The Parish Project for 2006 will be supporting Kagando in Uganda
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Parish Project 2006

Kagando Hospital, Uganda

Kagando - Nurse GroupOur Parish Project for 2006 is the Kagando Hospital and Rural Development Center (KARUDEC) in the Kasese district in southwestern Uganda.

KARUDEC was founded by the Anglican Church of Uganda to improve the physical and spiritual well-being of the poor and disadvantaged people in the district. The hospital community programs serve all who are in need, regardless of ethnic background or religious belief.


Becca's Letter from Uganda

Each month Rebecca Baldock, who is working as a physiotherapist and missionary at Kagando Hospital, sends a letter back about life in Uganda.


Associated Events

There will be a number of associated events happening throughout the year to raise money for the Parish Project. Keep an eye on the Diary page.

The following events have so far been confirmed. If you would like to volunteer to help at one of them, please contact Gordon Gray.

  • April 2006
    • Friday 21st - Beetle Drive at Edlesborough Memorial Hall, at 7pm. Adults £2, Children £1, tickets available from Sally Taylor.
    • Saturday 29th - Coffee Morning at All Saints, Dagnall, 10am until noon.
  • June 2006
  • July 2006
    • Sunday 9th - Hog Roast in the Vicarage Garden (to be held early enough in the day to accommodate the football)
  • September 2006
    • Saturday 30th - Barn Dance
  • October 2006
    • Sunday 15th - Visit of Bishop Benezeri Kisembo (Bishop of Ruwenzori, Uganda)
      Bishop Kisembo will preach at 10.00 at St Mary's, and there will be a Parish Lunch in the Village Hall afterwards to enable members of the congregation to meet the Bishop.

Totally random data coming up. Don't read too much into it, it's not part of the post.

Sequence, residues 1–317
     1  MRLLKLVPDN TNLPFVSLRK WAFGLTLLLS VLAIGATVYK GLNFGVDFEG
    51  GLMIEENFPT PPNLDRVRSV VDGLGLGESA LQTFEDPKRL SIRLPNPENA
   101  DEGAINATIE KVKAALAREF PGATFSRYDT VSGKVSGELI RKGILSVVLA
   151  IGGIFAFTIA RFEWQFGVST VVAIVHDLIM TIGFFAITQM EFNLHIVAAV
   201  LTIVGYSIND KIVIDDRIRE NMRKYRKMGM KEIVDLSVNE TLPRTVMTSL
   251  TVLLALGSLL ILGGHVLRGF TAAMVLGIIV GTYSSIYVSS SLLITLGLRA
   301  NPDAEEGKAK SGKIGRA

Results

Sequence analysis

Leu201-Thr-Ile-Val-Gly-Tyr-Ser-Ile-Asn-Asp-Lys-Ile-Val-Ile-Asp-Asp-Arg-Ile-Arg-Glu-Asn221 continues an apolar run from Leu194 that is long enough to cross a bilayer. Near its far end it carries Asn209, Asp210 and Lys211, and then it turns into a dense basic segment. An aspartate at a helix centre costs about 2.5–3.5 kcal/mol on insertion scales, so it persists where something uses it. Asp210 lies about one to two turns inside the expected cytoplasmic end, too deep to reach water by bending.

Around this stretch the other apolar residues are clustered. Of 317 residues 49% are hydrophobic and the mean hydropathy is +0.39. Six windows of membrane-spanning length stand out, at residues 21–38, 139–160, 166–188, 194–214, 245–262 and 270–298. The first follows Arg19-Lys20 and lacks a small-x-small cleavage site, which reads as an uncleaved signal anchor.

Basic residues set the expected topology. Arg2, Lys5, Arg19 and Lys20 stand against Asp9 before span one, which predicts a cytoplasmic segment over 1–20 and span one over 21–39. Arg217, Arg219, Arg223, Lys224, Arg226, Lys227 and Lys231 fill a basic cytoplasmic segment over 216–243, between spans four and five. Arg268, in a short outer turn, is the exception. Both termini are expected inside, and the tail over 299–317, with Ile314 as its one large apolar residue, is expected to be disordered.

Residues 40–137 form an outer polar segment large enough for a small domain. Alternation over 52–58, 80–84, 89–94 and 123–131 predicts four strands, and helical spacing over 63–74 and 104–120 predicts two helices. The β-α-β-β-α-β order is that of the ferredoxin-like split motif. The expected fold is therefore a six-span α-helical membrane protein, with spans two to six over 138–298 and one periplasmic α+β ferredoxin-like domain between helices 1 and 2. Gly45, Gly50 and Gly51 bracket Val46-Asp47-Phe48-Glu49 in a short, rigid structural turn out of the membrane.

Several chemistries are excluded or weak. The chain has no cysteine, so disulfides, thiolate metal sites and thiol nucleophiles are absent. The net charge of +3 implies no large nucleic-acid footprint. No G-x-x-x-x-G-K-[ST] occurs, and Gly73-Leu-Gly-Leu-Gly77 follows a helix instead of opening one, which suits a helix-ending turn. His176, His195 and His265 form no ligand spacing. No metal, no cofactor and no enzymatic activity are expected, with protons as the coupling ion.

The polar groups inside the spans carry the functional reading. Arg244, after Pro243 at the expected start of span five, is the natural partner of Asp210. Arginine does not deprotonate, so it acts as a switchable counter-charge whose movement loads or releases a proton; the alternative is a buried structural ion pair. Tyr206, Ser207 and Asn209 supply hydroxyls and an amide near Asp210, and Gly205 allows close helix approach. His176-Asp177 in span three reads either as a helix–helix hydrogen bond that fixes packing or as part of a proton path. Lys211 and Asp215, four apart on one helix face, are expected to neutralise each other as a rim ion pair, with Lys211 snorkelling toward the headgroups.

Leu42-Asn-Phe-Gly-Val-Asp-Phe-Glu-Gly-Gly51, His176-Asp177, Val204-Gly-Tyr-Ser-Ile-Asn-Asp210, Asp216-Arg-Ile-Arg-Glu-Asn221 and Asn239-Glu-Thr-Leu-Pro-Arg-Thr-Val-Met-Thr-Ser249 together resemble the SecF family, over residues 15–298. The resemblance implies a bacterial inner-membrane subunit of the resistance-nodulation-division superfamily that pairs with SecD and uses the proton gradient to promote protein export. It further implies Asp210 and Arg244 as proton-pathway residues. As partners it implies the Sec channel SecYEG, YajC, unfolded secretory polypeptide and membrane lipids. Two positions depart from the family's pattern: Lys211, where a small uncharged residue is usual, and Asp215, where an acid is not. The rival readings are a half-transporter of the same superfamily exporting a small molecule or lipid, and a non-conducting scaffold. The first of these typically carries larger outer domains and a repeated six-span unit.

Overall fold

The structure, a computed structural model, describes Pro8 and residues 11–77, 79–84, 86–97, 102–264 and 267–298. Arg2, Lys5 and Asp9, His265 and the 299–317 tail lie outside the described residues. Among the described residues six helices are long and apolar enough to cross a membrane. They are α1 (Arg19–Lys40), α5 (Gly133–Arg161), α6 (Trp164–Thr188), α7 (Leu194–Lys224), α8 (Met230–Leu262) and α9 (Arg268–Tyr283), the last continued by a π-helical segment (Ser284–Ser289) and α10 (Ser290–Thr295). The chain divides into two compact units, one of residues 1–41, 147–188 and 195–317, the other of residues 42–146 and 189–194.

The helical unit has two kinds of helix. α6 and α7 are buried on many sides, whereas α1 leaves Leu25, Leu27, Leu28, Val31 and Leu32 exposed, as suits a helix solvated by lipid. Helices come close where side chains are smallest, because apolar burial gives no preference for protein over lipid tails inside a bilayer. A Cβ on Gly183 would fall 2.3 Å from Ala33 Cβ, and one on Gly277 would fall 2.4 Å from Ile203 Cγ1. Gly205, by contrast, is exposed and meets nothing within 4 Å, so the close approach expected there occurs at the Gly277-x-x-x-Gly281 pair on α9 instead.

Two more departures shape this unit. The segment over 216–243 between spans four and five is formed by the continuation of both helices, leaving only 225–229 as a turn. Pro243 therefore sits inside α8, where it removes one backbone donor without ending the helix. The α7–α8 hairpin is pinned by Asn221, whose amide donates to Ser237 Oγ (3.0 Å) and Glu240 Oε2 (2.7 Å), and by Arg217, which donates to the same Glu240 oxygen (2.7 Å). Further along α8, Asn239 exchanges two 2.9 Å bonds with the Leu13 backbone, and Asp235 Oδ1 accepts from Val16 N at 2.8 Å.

• December 2006
    • One third of the money raised by Gordon's Christmas Puzzle will go to the "Friends of Kagondo".
  • March 2007
    • Monday 5th - A Year of Fundraising for Kagando Hospital - Come and meet Rebecca Baldock.

Related News


Background Information

Facts about Uganda

Uganda lies on the elevated basin that rises between the eastern and western branches of the Great Rift Valley. Most of the country is over 1,000m in altitude, and the topography is generally quite flat. The 70km long and 30km wide Ruwenzori Mountains form the highest mountain range in Africa. Most of Uganda is well-watered and fertile. Almost 25% of the country’s surface is covered by water and yet only 38% of the population have access to clean water.

Kagando - Location Map

The official language of Uganda, English, is spoken as a second language by most educated Ugandans. More than 33 local languages are spoken in different parts of the country. Adult literacy rates are around 61%.

Uganda has a population of almost 20 million and an annual increase of 2.5% per annum. This rate is low by African standards, and is attributed to the internal conflict, which lasted until 1986 and the high incidence of AIDS in the country. Life expectancy is around 40. Christianity is widespread in Uganda and there are several Muslim sects.

Uganda has, by and large, a free market economy. This suffered greatly under the presidencies of Amin and Obote, but since Museveni took power in 1986 Uganda’s economy has maintained a growth rate of around 5% per annum. Agriculture accounts for about 60% of the GDP, with major export crops including coffee, tea and tobacco. Over 90% of Ugandans either are farmers or work in agriculture related fields. The currency used in Uganda is the Ugandan Shilling.

Facts about Kagando

Kagando was originally a Leprosy Settlement, set us as an isolation unit by the Ugandan government in an area chosen because of the absence of people living in the vicinity.

Kagando - Child1963 the Ugandan government invited an Africa Inland Mission (AIM) missionary doctor to start a hospital in the area. The strong Christian foundation to the work of Kagando has remained throughout – the emphasis placed on Christ-like caring for patients and all those suffering.